Are you getting ready to make a big purchase, such as a home or car? At least a few months in advance, spring for a copy of your credit scores, Consumer Action’s Sherry says.

While the score that you pay for may not be the exact same one your lender uses, it will grade you on many of the same criteria and give you a good indication of how well you’re managing your credit, she says. It will provide you with specific ways to improve your credit score — in the form of several codes or factors that kept your score from being higher.

If you are denied credit (or don’t qualify for the lender’s best rate), the lender has to show you the credit score it used, thanks to the Dodd-Frank Wall Street Reform and Consumer Protection Act.

Another smart move is to regularly keep up with your credit reports, says Sherry.

You’re entitled to 1 of each of your 3 credit bureau reports (Equifax, Experian and TransUnion) for free every 12 months through.

It’s smart to stagger them, Sherry says. Send for 1 every 4 months, and you can monitor your credit for free.

Credit score drops after paying debt?

Getting a perfect credit score is not that easy. There are hundreds of variables that go into calculating a credit score, so don’t feel frustrated that yours isn’t perfect. But let’s investigate why your credit score may have gone down. First off, paying off your mortgage or car loan doesn’t necessarily help your credit score any more than paying those obligations on time, says Jeffrey Scott, spokesman for FICO, the developer of the most widely used credit score.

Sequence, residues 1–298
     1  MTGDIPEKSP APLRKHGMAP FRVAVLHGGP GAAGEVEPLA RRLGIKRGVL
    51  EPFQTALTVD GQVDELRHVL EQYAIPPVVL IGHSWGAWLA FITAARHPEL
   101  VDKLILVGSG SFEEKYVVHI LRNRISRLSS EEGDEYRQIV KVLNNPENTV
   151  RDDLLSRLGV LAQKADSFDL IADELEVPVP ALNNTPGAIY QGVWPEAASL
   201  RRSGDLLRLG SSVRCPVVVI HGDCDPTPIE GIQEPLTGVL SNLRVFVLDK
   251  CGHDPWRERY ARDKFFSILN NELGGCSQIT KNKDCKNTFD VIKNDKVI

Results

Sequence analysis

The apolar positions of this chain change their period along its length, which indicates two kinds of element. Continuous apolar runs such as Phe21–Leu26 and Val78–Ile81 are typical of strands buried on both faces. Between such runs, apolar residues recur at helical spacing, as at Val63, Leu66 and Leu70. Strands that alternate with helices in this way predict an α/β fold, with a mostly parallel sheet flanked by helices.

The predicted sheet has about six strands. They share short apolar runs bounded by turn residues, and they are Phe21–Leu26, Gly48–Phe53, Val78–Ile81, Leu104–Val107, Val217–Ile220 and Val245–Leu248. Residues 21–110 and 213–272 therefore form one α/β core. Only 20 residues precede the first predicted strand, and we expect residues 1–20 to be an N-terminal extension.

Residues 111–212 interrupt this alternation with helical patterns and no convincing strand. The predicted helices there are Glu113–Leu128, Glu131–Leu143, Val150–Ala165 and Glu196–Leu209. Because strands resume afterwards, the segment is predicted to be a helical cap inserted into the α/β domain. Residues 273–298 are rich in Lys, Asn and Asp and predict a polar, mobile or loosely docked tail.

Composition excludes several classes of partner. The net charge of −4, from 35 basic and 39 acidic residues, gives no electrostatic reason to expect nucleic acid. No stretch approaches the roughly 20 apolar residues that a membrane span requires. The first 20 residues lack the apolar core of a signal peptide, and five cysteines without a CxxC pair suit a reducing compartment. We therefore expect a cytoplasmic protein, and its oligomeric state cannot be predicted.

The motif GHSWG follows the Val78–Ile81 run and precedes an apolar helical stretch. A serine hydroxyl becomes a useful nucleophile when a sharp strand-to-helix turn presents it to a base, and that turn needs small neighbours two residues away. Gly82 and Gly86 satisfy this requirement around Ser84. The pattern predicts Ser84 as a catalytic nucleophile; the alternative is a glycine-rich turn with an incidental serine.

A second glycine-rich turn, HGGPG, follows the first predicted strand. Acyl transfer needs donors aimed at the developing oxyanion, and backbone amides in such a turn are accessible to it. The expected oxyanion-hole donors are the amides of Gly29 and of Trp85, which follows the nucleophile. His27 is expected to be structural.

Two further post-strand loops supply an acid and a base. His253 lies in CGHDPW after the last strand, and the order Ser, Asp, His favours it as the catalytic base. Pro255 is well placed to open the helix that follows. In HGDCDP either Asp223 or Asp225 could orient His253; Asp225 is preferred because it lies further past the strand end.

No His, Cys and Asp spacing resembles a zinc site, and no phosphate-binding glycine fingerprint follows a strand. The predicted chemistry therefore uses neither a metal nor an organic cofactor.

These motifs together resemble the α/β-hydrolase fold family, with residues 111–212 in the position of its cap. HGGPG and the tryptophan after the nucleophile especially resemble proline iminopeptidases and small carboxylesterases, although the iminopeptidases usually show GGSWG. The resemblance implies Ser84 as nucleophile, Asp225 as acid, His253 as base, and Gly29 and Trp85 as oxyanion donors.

“One of the most important factors in the FICO score is payment history,” he says. “Are you making payments on time, every time? That’s what really matters. There is no bonus for paying off loans early.”

But there’s no penalty for paying off your loans, so that doesn’t explain why your score went down. It only helps to explain why it didn’t go up.

The second biggest contributor to a FICO credit score, accounting for 30 percent, is amounts owed. Within this category is something called your utilization rate, or the percentage of available credit that you use on your credit cards. This rate is calculated for each credit card and for all of them combined. The lower your utilization rate for each card and combined, the better for your credit score.

In fact, a study by FICO found that consumers with the highest credit scores (above 785) used, on average, only 7 percent of their available credit on credit cards. That means they charge only $350 on a credit card with a $5,000 credit limit. Or, just $1,400 on several credit cards with combined limits of $20,000.

Loan officers that I’ve spoken to can’t say enough about keeping a low utilization rate, which they say separates those with great credit scores from those with only good credit scores.